In the autumn of 1994, I decided to “hang up my cameras”. EMPICS was growing as a business – and it needed me at base. I’d tried to bring in senior managers to take on my role – but that was not successful (probably my fault rather than theirs). I also felt it was time to not “run away” to foreign parts every time the bank manager called to chase a reduction in the overdraft!
I’d also had a very enjoyable year taking pictures – covering the Winter Olympics in Lillehammer, UEFA Champions League Final in Athens, the Football World Cup in the USA and the European Athletics Championships in Helsinki (where I met my future wife!). Also, I had been successful in the European Sports Photographer of the Year Awards – so was on a high.
Photography is a serious addiction. It’s an absorbing occupation – especially when working in a journalistic capacity. You need to predict the story, visualise what might happen – and then be in the right place at the right time. It was also great fun travelling the world with some very special photographers. It was hard to give up – and I admire my colleagues from those days who are still very active. I still spend half my time watching news and sports events spotting them in the background!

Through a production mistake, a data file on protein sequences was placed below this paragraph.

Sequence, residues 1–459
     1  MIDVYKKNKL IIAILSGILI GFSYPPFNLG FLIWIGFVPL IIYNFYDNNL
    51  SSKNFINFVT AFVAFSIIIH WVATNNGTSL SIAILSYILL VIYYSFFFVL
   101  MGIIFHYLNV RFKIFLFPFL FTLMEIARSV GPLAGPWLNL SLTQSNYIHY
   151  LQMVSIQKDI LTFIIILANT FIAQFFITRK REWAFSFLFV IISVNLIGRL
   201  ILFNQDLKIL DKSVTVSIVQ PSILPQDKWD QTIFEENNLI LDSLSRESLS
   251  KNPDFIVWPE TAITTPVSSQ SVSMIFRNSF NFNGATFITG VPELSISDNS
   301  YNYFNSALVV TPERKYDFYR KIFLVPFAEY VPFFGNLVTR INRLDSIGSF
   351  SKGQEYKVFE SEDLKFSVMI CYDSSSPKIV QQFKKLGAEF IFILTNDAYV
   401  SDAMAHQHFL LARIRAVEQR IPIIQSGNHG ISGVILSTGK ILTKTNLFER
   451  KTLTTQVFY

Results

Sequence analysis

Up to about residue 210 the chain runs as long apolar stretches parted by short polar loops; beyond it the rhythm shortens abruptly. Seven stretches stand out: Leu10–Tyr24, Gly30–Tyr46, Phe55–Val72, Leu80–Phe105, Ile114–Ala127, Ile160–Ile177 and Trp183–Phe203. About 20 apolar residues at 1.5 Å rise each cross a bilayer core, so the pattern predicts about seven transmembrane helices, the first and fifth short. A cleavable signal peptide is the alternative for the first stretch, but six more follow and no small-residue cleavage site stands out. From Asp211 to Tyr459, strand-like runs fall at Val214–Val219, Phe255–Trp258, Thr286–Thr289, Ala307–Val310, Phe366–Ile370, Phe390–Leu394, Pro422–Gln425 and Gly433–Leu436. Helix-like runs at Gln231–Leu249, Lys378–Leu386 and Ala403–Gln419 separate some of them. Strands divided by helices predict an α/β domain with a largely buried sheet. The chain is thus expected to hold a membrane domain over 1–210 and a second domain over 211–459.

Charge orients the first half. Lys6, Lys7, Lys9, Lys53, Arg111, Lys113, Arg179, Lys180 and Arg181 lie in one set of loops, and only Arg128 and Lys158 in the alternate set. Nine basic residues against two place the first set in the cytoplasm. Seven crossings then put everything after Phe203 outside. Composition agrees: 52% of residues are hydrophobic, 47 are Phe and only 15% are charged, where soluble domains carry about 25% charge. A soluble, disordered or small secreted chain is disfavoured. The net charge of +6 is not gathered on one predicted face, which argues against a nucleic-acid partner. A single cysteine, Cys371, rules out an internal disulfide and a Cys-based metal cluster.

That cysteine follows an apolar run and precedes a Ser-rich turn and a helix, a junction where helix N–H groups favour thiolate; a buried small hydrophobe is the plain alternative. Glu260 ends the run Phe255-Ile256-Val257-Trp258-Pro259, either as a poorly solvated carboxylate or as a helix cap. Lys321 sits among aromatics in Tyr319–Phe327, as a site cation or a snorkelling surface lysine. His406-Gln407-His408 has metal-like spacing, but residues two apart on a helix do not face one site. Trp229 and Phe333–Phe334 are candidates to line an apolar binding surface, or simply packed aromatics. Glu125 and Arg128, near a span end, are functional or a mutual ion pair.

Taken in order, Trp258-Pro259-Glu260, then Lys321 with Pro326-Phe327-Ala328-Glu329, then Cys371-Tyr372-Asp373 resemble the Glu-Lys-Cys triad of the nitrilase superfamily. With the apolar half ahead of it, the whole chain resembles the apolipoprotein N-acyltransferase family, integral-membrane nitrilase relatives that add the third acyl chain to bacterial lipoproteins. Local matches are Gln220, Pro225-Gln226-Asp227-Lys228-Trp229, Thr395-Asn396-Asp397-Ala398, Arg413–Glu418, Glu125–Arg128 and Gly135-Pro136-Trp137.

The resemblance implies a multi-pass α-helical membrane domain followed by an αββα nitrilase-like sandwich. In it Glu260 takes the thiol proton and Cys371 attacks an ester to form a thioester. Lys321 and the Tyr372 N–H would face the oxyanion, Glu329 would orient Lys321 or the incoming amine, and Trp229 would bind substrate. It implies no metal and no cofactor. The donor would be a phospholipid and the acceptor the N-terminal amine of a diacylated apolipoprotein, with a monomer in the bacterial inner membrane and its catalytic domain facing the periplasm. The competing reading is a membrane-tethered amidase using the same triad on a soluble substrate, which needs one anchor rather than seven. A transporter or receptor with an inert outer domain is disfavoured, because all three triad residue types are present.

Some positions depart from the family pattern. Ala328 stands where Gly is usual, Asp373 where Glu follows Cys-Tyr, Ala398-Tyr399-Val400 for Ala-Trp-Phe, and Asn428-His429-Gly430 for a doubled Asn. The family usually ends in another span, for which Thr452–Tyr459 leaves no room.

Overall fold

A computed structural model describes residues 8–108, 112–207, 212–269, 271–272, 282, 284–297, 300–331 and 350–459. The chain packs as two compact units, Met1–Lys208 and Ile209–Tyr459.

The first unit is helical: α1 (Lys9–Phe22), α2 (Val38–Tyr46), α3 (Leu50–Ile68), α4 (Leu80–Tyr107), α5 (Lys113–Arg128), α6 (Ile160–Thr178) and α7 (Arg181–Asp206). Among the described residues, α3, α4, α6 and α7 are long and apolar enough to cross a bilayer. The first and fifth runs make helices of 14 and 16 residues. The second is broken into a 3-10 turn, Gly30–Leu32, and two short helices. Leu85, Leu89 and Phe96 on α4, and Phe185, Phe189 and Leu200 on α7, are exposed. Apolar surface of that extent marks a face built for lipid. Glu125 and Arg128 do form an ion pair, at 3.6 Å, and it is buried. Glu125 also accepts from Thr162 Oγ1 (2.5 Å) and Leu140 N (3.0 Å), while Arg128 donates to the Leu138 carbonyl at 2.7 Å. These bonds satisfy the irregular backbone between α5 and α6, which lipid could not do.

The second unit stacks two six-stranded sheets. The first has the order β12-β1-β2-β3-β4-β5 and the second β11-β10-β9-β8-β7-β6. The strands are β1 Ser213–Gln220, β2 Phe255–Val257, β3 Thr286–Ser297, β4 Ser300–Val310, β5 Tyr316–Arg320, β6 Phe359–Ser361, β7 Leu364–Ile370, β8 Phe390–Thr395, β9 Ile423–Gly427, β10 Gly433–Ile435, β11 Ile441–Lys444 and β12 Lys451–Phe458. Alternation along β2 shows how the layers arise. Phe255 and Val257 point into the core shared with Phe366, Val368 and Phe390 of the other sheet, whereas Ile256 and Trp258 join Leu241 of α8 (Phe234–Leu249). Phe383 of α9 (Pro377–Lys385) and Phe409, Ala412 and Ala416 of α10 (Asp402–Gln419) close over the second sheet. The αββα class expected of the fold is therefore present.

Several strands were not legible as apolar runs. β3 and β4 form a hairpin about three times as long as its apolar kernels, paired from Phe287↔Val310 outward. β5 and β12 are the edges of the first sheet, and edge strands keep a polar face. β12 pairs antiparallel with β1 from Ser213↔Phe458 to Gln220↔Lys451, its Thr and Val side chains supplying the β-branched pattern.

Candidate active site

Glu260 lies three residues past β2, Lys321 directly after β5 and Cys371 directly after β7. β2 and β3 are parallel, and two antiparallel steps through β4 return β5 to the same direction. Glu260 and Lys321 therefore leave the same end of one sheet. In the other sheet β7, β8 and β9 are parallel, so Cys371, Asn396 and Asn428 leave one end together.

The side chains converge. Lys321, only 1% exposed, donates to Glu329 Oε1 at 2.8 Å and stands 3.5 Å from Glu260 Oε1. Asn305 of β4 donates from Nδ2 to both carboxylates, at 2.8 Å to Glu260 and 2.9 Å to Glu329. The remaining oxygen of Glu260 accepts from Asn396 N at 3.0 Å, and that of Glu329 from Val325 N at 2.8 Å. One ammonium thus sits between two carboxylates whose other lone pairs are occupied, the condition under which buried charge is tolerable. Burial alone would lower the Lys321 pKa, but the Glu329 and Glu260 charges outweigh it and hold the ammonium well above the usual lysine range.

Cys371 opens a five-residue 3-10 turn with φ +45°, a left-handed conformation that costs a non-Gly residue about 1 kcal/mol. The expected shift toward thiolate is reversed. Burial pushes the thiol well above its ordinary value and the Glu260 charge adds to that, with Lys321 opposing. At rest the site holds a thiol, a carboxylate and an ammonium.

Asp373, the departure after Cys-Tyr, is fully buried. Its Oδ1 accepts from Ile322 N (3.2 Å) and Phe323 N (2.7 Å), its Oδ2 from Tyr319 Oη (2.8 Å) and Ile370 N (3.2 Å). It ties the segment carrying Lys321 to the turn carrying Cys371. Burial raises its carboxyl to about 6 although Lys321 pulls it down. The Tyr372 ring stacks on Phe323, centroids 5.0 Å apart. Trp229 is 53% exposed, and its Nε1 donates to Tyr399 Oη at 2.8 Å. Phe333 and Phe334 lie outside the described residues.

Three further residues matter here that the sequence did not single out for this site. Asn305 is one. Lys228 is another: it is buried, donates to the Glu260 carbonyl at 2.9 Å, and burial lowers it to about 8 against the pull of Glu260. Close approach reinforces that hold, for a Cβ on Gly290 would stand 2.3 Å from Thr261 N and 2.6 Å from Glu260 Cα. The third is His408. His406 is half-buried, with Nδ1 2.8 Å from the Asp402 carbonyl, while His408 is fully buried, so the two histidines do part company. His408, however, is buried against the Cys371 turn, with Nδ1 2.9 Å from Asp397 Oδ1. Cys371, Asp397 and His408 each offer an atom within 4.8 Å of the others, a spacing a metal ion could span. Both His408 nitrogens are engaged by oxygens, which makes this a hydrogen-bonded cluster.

It gave me fantastic opportunities to record important moments in modern history – and to meet/photograph some great people. Among the highlights were The Queen, Princess Diana, Pope John Paul II, Mother Teresa, Nelson Mandela, Margaret Thatcher, Freddie Mercury, Barry Sheene, Ayrton Senna, Brian Clough and Sir Alex Ferguson.
It’s hard to think that less than 20 years ago I had not heard of the internet. I suppose that in our lifetime it’s equivalent to how the Victorians came to rely on rail transport and electricity. The speed of change from the early 90s was amazing – and I am glad that I was […]
I first heard the term “funemployment” back in 2009. There was an article in the LA Times that summed up the “situation” I was in after selling my business, EMPICS. It had been a challenge to give an answer when, in your 40s, and people ask politely what you do – or forms arrive that […]
I lived in a council house on the ring road in Liverpool (Queens Drive) – and had very supportive parents (although I might not have thought so at the time). I went to a Catholic Boys’ Grammar School, St Francis Xavier’s – I and was very religious (up until the moment I was 18 – […]
One of the best trips of my life was to to photograph the return to international sport of South Africa, after the end of apartheid and the release of Nelson Mandela. I accompanied the team to India – and the experience was unforgettable. We arrived late at night in Calcutta. We had a long time […]
My life changed in 1997. Two young investment bankers – Jonathan Klein and Mark Getty – had decided that the industry they would like to consolidate was photo licensing. This decision proved to be a profitable choice for them – and made millionaires of many photo agency proprietors along the way. It was a stroke […]